Yearning for Civility, “A Matter of Good Health”

in Top 10 2018, industrial organizational psychology

dog and cat civil together3rd of the Top 10 Wellness Stories from 2018

Worldwide, a yearning for civility blossomed in 2018, and workplaces were no exception.

In addition to Christine Porath’s presentation at SHRM, civility surfaced on the agenda of major wellness conferences, and a prominent midwest health care system launched, with some fanfare, an introductory “Choose Civility” e-course. Continue reading »

Food at Work. It’s a Thing.

in Uncategorized

I recently celebrated ten years at my current job.

I started in the thick of the holiday season. My first day, a co-worker came over to my cubicle to offer me a gooey chocolate confection she was serving off a piled-high tray. “Wow, what a classy holiday treat!” I thought.

Another co-worker left a tray of Italian cookies on the long credenza down the aisle. Then a couple of gifts came in from vendors — caramel-dipped popcorn from one, mixed nuts from the other — and they also were put on the credenza to share.

We had a big meeting where I was introduced, and a giant bowl of candy was passed around, for reasons unknown to me. It reminded me of my orientation the day prior, when the facilitator did an ice-breaker by asking us trivia questions about the company, and if you answered correctly he threw you — threw you! — a packet of M&Ms.

After the candy-bowl meeting, I was taken to lunch at the company cafeteria, where I enjoyed a good-sized serving of pork tenderloin with a side of fries. For a beverage, I stuck with water — you know, to keep it all healthy.

Holiday feasting and food-sharing are wonderful and important social traditions. Little did I know back in those days that the feasting had little to do with the holidays, and would ebb and flow — but mostly flow — for the next ten years.

It surprised and saddened me back then that, as I was introduced to co-workers as the new wellness manager, they sometimes felt the need to make an awkward joke about whatever food they had around at the time, assuming I was judging them for the muffin on their desk or the McDonald’s bag they were carrying.

But I wasn’t judging and never have. I’ve observed an abundance of edible goodies pervasive in the workplace — my workplace and others — and I’ve learned that it’s a force employees quietly contend with daily. But, indeed, it’s a force that challenges me — I like food, too — so far be it from me to judge anyone else.

Food at work. It’s a thing…for a lot of us. And that’s the topic of my new post, My Nine Assumptions About Workplace Food-Sharing — And Why They Matter to Employee Wellbeing. Please check it out.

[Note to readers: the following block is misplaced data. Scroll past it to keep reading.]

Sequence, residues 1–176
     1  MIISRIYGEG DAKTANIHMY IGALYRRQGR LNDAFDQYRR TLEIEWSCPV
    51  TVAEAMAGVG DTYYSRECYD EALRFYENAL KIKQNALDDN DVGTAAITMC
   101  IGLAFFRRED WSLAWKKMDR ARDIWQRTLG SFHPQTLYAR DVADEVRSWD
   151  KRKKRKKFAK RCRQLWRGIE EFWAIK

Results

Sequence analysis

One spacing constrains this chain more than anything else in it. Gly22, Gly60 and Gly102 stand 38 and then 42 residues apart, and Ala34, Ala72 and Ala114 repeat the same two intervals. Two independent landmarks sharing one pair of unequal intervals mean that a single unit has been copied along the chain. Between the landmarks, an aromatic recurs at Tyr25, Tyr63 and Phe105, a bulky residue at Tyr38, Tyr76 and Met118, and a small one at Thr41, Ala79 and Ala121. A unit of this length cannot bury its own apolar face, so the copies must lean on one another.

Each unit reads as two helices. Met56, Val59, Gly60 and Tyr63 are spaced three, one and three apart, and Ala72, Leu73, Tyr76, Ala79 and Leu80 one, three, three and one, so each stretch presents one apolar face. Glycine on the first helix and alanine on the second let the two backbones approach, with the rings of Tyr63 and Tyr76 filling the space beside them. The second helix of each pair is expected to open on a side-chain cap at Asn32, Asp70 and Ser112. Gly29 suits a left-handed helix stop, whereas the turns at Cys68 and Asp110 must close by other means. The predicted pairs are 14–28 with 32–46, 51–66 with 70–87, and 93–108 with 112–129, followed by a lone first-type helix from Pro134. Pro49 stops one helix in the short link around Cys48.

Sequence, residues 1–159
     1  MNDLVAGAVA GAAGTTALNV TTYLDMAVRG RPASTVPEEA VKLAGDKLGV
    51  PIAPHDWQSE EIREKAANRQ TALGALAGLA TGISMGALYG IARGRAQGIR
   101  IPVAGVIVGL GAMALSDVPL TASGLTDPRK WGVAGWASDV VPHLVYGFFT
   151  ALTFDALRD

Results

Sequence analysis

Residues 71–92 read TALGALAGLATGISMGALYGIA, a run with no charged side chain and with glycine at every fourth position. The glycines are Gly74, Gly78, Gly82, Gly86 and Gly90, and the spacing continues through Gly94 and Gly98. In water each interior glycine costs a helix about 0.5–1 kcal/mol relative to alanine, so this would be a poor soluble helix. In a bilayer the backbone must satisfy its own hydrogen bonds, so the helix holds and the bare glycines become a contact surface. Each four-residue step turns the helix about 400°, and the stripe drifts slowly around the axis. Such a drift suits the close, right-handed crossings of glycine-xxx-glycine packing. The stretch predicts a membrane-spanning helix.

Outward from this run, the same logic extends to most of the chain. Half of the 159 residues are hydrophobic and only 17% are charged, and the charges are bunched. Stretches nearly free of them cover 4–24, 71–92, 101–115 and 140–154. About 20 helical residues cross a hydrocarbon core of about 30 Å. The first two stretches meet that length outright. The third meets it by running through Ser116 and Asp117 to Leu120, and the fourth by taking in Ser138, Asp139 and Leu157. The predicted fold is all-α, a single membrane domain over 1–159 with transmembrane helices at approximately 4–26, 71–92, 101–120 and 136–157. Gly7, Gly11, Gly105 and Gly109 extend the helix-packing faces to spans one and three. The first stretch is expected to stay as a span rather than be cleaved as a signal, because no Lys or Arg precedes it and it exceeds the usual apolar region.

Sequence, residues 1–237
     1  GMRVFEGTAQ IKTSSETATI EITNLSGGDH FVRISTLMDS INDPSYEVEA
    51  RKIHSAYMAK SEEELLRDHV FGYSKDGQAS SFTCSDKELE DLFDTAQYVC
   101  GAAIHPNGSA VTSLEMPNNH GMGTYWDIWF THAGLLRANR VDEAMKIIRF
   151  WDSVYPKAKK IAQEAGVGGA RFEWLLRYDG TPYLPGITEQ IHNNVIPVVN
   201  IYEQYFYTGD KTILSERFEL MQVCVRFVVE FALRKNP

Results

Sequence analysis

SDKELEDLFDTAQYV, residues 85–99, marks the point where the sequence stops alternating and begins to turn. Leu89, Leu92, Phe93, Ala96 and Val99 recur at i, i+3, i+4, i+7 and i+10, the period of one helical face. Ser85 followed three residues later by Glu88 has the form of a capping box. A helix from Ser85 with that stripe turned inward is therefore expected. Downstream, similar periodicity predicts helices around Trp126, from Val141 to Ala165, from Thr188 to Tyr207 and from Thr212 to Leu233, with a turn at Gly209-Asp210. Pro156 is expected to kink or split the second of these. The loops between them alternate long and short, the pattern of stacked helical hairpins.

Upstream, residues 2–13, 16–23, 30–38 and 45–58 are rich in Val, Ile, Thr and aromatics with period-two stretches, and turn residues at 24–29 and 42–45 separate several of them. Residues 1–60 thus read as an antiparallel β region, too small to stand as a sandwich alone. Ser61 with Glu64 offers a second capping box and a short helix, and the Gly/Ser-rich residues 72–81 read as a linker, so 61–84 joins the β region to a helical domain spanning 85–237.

Health Behavior Change Program Mind Map

in Uncategorized, Employee Wellness Programs

health behavior change mind map I first tried mind mapping three years ago — to plan a family vacation to Oregon. But I’d jumped straight to the software without really understanding mind mapping, and I crashed into the mechanics…and burned. Then, last year, I tried using new mind mapping software to illustrate a project I was working on at work. That attempt may have helped me, but when I showed it to team members, it was greeted with profound silence, bewilderment, and polite smiles. I still hadn’t even tried to educate myself about mind mapping. But intuitively I knew that it’s important.

Now I’ve started to understand the Why and the How of mind mapping, and I see tremendous potential: For problem solving in the workplace, for communicating, and, personally, for learning, memory, and unlocking creativity.

I was fortunate enough to come across the work of Jane Genovese, of Learning Fundamentals in Australia. As part of her mission to make learning more effective and fun, Jane has created beautiful and engaging mind maps on a broad range of topics. She was kind enough to allow me to re-post here her mind map on Behavioral Change Programs. Click on the map [below] to open the full-sized version. Jane’s map is extraordinary in the thoroughness with which it depicts the elements of successful wellness programs, and I would recommend it to any health promotion professional — especially newcomers to the field. I hope you enjoy and learn from Jane’s mind map as much as I have. (And please be sure to visit her site. Lots of great mind maps and other innovative resources.)

health behavior change mind map

Health behavior change mind map for health promotion and wellness professionals.

I’ll be writing more about mind maps, and publishing my own, and hope to explore with you how we can use mind maps and other visual thinking tools to advance employee wellness (and, beyond that, human resources and organizations overall). I think we are just getting started and the possibilities are unlimited.

[A version of this article was originally published on my The Employee Wellness Network blog in October 2011 —  Bob]